A study was done in which students were supposed to sit 15 min alone in a room. They should do nothing. It was just the student and his or her own thoughts. However, the room was not completely empty; it contained a stun gun. 18 of 42 people, more men than women chose to give themselves at least one shock. “They seem to want to shock themselves out of boredom, so to speak.” (BBC)

The experience of boredom seems so dissatisfying that we try to do everything to avoid it. Boredom causes an unsatisfied thought to pop up in our mind because we have time to deal with our problems. For example if I am studying psychology and I don’t want to deal with the question whether I like the study or not, I would push this thought away. That is what we are usually doing with the thoughts that question our current state of being. We don’t give them a chance to develop and we don’t elaborate on them. There are so many external stimuli in daily life that enhance the pushing away of the unsatisfied thought.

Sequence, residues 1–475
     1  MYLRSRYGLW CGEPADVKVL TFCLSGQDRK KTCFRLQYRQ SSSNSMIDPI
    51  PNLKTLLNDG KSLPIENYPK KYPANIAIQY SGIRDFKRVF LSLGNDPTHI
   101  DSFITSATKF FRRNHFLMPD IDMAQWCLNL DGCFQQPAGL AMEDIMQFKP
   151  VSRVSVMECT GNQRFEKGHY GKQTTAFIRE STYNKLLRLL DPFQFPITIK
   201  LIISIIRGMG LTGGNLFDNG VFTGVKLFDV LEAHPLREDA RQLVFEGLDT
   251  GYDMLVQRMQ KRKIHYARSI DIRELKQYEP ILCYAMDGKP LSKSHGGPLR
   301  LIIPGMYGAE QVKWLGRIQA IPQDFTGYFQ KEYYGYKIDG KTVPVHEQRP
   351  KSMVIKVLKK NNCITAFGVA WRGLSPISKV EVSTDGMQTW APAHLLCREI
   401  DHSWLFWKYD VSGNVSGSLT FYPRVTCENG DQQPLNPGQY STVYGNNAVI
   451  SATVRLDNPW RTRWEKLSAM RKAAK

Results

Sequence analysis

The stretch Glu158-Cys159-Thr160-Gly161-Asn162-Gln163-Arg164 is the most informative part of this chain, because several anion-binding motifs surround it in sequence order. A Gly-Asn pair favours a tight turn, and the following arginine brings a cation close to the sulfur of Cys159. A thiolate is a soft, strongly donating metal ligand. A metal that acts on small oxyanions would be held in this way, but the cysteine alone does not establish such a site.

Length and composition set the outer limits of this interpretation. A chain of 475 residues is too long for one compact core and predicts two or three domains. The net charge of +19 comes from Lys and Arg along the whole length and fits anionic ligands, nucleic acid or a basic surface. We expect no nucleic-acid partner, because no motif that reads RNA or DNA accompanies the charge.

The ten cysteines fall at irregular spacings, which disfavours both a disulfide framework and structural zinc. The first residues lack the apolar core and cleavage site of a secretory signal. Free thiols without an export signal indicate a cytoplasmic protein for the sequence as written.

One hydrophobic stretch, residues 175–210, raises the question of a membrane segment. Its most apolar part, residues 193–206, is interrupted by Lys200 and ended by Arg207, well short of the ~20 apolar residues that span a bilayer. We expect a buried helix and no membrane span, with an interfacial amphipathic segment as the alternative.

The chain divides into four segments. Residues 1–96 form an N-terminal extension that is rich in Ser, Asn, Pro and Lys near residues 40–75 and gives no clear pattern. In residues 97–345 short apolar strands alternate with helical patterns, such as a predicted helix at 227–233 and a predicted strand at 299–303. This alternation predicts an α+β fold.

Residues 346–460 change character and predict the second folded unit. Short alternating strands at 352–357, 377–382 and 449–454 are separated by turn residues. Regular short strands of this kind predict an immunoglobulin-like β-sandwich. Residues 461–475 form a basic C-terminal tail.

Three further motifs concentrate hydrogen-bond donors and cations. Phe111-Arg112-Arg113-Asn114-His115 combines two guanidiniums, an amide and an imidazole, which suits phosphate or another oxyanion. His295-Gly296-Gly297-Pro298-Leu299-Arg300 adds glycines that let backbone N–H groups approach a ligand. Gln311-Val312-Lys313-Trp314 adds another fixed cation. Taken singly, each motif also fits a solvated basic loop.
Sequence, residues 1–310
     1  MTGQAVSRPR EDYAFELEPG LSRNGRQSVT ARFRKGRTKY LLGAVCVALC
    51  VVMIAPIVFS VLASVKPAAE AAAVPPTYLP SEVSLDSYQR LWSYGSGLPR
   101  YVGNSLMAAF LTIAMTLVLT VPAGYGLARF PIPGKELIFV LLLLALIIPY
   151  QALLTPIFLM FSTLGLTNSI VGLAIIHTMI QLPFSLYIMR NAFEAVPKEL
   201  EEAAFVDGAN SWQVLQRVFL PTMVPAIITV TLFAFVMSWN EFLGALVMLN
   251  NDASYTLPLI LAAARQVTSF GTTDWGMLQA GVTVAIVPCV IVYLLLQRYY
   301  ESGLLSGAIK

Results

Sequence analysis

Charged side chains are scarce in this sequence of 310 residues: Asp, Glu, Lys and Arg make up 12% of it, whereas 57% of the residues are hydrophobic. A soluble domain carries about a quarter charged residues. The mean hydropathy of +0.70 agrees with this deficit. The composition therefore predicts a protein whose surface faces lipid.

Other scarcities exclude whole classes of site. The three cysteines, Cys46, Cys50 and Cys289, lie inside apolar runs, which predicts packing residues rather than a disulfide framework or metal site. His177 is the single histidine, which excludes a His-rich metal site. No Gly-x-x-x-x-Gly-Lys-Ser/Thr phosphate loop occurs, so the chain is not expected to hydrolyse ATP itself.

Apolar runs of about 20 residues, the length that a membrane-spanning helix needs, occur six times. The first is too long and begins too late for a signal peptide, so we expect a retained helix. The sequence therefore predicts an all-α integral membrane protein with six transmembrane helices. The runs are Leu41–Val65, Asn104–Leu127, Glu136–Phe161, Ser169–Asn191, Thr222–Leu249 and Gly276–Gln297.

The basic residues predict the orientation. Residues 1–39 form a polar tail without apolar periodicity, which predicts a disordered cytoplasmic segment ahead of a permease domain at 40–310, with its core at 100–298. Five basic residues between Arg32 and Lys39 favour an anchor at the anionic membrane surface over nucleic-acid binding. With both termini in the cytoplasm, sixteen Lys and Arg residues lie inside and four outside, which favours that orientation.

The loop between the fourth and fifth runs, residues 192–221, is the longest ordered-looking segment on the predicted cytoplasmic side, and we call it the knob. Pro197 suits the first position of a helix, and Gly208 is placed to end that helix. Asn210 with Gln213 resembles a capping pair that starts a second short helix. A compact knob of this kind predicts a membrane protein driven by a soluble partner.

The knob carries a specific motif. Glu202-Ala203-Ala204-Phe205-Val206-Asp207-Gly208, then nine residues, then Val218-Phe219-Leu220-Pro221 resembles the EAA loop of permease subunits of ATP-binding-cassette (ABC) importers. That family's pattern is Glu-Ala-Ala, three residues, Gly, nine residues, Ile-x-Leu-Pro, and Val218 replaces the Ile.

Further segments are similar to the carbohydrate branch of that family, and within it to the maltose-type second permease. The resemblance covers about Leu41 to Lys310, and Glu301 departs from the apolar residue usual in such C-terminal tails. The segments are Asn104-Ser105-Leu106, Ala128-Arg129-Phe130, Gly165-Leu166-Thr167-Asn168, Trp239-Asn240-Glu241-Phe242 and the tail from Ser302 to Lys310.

What is boredom good for?

A long time ago I read an article in the newspaper that dealt partly with the function of boredom. One function that was mentioned is that boredom functions like pain. If you feel pain on your body then you know something is wrong with your body. The same happens with boredom but the pain occurs in your brain, simply speaking. If something doesn`t satisfy us then our brain signals this dissatisfaction through boredom. It is an unpleasant thought, which the experiment demonstrated above, so we want to distract this thought by holding our mind busy by distracting it with many external things. Technical devices play a big part of that.